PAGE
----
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CLDR Ticket #6691(accepted unittest)

Opened 5 years ago

Last modified 14 months ago

Fix mismatch in transliterators vs NFD/NFC

Reported by: mark Owned by: sascha
Component: translit Data Locale:
Phase: rc Review:
Weeks: Data Xpath:


If a transliterator is written like the following it will fail, because by the time the ü is reached, the source is in NFD.

:: NFD;
ü > x;

The ü rule would have to be:

u \u0038 > x;

To fix this, either

  1. add tests to verify that this doesn't happen (eg that the rules match the operand normalization form, or
  2. add a 'normalizing' tool to ensure that the rules are correct.


Change History

comment:1 Changed 5 years ago by emmons

  • Status changed from new to assigned
  • Component changed from unknown to data-supplemental
  • Priority changed from assess to medium
  • Milestone changed from UNSCH to 25rc
  • Owner changed from anybody to pedberg
  • Type changed from unknown to enhancement

comment:2 Changed 4 years ago by pedberg

  • Milestone changed from 25rc to 26rc

comment:3 Changed 4 years ago by pedberg

  • Component changed from data-supplemental to test

comment:4 Changed 4 years ago by pedberg

  • Cc mark added
  • Milestone changed from 26rc to 27rc

There is a third option for how to fix this, which is to eliminate the initial :: NFD; or :: NFD (NFC); rule.

This might be the best approach for several of the Cyrillic script/language -> Latin transforms, which often have :: NFD (NFC); at the beginning but then have rules for Й and й which in NFD are e.g. И + /u0306 etc. It is not clear that the NFD is needed for anything in the transform.

Need some discussion on this.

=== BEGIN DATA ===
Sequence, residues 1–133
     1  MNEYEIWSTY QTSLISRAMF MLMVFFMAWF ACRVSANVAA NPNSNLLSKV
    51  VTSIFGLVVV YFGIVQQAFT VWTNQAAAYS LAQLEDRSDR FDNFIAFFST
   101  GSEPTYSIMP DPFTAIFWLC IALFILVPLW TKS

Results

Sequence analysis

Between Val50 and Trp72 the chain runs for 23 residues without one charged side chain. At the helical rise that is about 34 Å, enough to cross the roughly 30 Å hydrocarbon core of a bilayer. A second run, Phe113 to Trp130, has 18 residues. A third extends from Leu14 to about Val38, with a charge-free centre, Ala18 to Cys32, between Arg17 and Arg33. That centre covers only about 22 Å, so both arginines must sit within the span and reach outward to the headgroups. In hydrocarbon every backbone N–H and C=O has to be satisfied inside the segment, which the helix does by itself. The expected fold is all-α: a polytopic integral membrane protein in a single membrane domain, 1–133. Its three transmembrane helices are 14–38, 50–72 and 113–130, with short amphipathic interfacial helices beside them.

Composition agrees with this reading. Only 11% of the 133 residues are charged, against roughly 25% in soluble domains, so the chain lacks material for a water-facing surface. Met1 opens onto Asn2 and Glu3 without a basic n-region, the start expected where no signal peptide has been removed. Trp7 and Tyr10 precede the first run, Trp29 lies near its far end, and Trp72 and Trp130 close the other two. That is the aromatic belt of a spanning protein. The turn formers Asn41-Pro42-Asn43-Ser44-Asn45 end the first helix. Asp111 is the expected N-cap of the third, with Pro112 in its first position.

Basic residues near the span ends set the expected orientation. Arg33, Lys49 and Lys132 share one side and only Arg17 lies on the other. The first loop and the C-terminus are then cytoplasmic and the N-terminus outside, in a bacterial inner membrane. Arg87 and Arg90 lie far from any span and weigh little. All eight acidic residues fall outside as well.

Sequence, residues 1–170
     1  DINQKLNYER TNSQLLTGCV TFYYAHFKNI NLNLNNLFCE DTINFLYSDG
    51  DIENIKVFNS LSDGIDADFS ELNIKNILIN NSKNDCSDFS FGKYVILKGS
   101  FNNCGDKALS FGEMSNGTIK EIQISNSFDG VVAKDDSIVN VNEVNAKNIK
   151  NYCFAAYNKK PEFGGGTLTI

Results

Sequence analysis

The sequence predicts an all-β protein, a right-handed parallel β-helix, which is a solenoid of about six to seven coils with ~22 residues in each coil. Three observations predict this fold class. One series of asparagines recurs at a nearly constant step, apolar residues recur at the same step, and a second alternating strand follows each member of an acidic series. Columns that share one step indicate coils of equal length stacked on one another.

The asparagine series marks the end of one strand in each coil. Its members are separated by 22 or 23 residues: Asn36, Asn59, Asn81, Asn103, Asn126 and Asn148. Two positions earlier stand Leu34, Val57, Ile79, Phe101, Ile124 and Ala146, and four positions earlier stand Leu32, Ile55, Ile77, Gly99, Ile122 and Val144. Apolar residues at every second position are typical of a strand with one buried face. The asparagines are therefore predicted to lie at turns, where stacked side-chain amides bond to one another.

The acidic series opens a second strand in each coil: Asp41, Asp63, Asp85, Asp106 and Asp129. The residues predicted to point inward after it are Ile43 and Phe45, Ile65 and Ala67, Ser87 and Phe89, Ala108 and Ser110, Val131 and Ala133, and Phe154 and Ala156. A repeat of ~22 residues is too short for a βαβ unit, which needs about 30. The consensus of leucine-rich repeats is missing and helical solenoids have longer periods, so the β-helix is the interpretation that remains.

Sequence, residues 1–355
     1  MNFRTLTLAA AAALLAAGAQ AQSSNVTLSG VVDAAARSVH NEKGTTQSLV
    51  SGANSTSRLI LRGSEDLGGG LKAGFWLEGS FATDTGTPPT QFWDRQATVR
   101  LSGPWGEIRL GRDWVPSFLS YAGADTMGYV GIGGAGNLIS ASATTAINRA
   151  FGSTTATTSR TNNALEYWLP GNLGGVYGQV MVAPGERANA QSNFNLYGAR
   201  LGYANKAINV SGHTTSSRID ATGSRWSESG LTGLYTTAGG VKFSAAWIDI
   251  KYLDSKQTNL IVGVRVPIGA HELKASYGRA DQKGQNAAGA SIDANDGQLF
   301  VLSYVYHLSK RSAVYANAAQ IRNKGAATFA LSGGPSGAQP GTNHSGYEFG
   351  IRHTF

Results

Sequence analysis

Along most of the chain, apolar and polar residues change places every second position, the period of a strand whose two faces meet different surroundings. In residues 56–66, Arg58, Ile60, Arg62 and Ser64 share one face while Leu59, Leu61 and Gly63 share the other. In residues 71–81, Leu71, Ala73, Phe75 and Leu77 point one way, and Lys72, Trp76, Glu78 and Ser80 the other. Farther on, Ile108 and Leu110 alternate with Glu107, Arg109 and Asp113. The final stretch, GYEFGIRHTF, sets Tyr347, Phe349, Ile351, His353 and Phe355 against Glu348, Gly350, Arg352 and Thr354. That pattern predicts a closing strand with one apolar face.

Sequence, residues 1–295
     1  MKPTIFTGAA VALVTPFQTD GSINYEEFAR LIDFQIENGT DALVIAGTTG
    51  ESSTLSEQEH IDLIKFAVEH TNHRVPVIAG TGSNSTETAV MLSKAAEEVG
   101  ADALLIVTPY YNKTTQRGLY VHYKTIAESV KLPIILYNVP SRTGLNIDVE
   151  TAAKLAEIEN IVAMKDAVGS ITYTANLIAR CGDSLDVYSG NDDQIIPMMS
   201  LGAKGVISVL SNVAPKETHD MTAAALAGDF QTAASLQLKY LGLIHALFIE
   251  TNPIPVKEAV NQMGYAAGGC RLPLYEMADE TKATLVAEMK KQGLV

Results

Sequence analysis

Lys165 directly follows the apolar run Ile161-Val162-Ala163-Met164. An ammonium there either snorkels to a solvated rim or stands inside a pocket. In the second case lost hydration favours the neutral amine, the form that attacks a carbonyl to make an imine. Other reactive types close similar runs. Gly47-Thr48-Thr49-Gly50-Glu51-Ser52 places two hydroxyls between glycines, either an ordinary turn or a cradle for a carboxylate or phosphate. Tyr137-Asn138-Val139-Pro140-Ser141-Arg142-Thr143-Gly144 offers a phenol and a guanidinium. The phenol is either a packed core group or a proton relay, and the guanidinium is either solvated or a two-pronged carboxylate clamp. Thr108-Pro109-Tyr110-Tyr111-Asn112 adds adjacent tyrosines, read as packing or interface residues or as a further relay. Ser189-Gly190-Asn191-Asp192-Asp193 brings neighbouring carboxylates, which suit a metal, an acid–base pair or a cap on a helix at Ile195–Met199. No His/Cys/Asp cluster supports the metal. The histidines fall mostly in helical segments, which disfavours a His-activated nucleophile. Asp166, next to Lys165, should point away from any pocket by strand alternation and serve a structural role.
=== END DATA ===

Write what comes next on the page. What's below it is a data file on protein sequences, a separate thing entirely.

comment:5 Changed 4 years ago by mark

The advantage of doing NFD is that if you have an odd accent, it gets pulled out, the base character gets converted, and then the accent applies to the new base in the new script.

We should have a test that

If :: NFD occurs at the top, that all the right sides are in NFD with > or <> rules

If :: .. (NFD) occurs at the bottom, then all the left sides are in NFC for < or <> rules.

And the same for the other forms: NFC, NFKC, NFKD.

The API gives a way to walk through the rules, so the files don't have to be parsed by hand to do this.

comment:6 Changed 4 years ago by markus

  • Phase set to rc
  • Milestone changed from 27rc to 27

comment:7 Changed 3 years ago by pedberg

  • Milestone changed from 27 to 28

comment:8 Changed 3 years ago by markus

  • Type changed from enhancement to unittest
  • Component changed from test to unknown

comment:9 Changed 3 years ago by srl

  • Status changed from assigned to accepted

comment:10 Changed 3 years ago by emmons

  • Component changed from unknown to translit

comment:11 Changed 3 years ago by pedberg

  • Milestone changed from 28 to 29

Out of time, look at early in 29 if possible

comment:12 Changed 3 years ago by emmons

  • Milestone changed from 29 to upcoming

Auto move of all 29 -> upcoming

comment:13 Changed 16 months ago by robert@…